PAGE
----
But federal action is impeded, even blocked, by the filibuster rule in the Senate—an archaic rule, with a disturbing history that serves not to enhance the quality of senatorial debate but to permit partisan minorities to thwart the wishes of majorities. If one accepts the need for national legislation to shore up the threatened institutions of our democracy, then the filibuster has to go.
Alexander Keyssar specializes in the exploration of historical problems that have contemporary policy implications. His books include The Right to Vote: The Contested History of Democracy in the United States, and Why Do We Still Have the Electoral College?
The grave threats to American democracy and elections are not confined to the United States by any means. The long spread of 'third-wave' democracies across the globe from the mid-1970s stalled around 2005—since when scholars have noted accumulating indicators of democratic backsliding and rising authoritarianism in many countries.
Problems in American democracy are also far from new. Contrary to popular commentary, many signs of democratic deterioration were evident in America during the Obama years—such as persistent gridlock in Congress, deepening cultural polarization, and the corrupting role of dark money in politics. Backsliding accelerated during the last four years, however, with attacks on the news media, risks to the impartiality of the courts, and the weakening role of Congress as an effective check and balance on executive power.
The Electoral Integrity Project has used expert surveys to evaluate the quality of national elections around the world since 2012 and found that U.S. elections have persistently been graded poorly by EIP experts, scoring next to last among the world’s liberal democracies, and ranking around 45th out of 166 nations worldwide.
But it has become increasingly apparent that urgent actions needs to be taken before the 2022 midterm elections to counter recent developments. For months, the “big lie” claiming a “stolen election” has continued to be spread relentlessly by the former president, his close advisors, GOP lawmakers, and rightwing sympathizers on cable news and social media. According to many polls, two-thirds of Republicans continue to believe that Biden’s victory was fraudulent. This has damaged public trust in the legitimacy of the electoral process.
State lawmakers have taken steps beyond rhetoric. In Arizona, the Republican party hired a private firm to conduct an audit of the certified vote count. The Brennan Center reports that since January this year 22 new laws restricting voting rights have been enacted in 14 states. For the 2021 legislative session, almost 400 bills restricting voting rights have been tabled in 48 states.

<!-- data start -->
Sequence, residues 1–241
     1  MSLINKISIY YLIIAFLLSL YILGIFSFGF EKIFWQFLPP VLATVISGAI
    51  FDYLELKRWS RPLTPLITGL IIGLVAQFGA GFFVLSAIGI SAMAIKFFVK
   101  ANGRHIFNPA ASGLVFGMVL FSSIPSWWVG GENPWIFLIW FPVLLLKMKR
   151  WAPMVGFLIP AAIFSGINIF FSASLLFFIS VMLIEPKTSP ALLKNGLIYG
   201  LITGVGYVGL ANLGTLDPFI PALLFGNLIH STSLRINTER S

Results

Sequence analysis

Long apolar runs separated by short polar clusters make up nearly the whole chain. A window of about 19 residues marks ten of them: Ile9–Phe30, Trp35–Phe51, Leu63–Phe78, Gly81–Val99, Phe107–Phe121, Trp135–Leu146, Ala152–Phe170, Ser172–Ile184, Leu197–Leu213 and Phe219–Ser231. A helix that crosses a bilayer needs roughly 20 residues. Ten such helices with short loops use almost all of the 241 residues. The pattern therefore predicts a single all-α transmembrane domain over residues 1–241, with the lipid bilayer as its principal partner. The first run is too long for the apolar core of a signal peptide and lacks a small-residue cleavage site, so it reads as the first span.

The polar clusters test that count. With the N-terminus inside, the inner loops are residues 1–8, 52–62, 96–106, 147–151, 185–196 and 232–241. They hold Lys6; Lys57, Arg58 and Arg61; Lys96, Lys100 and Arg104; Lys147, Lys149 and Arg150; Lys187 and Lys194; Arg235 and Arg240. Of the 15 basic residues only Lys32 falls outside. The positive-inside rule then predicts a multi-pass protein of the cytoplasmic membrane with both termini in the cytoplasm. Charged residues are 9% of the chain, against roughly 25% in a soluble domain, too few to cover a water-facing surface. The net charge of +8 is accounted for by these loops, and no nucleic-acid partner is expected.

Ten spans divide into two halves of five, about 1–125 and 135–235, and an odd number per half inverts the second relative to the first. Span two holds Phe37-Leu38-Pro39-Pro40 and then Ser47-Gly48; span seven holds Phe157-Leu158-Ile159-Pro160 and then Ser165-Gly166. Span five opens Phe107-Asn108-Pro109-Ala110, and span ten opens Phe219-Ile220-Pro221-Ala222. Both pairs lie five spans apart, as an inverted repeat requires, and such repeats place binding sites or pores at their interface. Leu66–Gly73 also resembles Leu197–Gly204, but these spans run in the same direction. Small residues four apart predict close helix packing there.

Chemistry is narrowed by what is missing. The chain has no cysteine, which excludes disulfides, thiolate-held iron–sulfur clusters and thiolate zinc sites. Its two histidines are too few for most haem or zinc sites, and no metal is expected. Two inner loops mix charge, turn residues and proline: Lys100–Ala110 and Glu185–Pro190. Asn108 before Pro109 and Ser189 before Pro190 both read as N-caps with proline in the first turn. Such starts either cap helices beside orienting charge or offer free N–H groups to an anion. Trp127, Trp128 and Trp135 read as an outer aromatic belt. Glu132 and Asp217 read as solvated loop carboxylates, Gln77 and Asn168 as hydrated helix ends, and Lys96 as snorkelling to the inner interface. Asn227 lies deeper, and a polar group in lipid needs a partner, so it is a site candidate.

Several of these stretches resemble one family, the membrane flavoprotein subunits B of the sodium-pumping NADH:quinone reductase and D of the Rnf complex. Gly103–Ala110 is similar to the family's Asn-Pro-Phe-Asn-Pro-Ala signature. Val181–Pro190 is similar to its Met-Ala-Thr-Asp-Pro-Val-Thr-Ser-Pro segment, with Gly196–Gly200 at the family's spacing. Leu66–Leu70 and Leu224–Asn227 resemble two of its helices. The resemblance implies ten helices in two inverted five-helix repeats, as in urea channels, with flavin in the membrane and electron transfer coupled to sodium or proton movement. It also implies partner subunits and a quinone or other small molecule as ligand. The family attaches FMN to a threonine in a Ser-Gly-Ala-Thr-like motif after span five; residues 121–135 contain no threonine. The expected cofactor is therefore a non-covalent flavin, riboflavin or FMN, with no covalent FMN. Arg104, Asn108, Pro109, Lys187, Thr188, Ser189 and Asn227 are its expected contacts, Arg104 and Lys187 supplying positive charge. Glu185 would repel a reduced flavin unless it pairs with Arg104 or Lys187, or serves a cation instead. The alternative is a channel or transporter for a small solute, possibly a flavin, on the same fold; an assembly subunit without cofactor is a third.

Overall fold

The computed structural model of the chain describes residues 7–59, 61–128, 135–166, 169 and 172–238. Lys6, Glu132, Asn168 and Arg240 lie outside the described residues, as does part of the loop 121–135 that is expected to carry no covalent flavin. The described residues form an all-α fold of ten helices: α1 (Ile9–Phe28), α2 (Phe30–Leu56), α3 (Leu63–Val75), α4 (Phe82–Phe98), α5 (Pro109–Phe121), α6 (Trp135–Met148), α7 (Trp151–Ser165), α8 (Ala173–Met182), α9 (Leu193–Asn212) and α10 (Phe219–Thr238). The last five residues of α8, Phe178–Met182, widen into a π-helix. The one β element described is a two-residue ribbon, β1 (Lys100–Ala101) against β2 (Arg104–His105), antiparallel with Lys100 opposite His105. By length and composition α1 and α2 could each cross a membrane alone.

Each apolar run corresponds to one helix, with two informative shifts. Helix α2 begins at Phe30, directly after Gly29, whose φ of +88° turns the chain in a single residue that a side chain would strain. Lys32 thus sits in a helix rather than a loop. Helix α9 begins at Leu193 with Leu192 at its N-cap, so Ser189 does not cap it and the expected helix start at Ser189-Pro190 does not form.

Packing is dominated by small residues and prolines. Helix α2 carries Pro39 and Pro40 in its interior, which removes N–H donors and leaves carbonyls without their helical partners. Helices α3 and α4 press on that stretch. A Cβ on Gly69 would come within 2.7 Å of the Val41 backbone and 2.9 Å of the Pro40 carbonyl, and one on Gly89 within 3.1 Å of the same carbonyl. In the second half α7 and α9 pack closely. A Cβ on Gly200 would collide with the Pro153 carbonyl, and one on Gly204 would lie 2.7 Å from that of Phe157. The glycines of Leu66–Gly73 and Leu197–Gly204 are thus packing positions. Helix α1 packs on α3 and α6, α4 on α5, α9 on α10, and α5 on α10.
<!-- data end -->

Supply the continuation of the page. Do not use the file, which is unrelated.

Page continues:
If we don’t speak up now, if the Senate does not act to pass H.R.1 For the People Act and H.R.4, the John Lewis Voting Rights Advancement Act, then public trust in American democracy is likely to deteriorate further and free and fair elections will be threatened.
Today’s crisis of American democracy is the culmination of an illness that started slowly and almost imperceptibly but now imperils the American body politic, rather like a serious disease that festers in a patient’s body for years, but suddenly breaks out in a life-threatening emergency. In such a medical crisis, physicians propose therapies to save the patient, and that’s what our group of 100 has done, emphasizing institutional reforms on such issues as voting rights, electoral administration, and the filibuster. All of us agree that those reforms are urgent and essential. But as in the medical case, members of our group have different diagnoses of the underlying ailment. Mine is historical.
Our country is in a pickle—that’s about the only thing Americans agree on. On Inauguration Day 2021, 67 percent of us said that America was “on the wrong track,” as opposed to 23 percent who said we were headed “in the right direction.” As Shaylyn Romney Garrett and I have shown in our recent book The Upswing, many statistical indicators confirm that our politics gradually became more polarized over the last half century, now reaching levels of tribalism virtually unrivaled in our national history. Over this same period the gap between rich and poor has steadily widened, while social isolation and cultural self-centeredness have mushroomed.
Reversing this decades-long decline from a “we” society to an “I” society is possible—indeed, Americans have done so before, as we show in The Upswing. But that pivot, however fundamental for our future, could take many years. In the meantime, saving American democracy from its current crisis is a matter of months and even days. As my colleagues and I argue in our “Statement of Concern,” we have no time to lose.
Robert Putnam is a past president of the American Political Science Association. His 15 books include Bowling Alone: The Collapse and Revival of American Community, and The Upswing: How America Came Together a Century Ago and How We Can Do It Again.
Faculty portraits by Martha Stewart; banner image by Steven Puetzer/Getty Images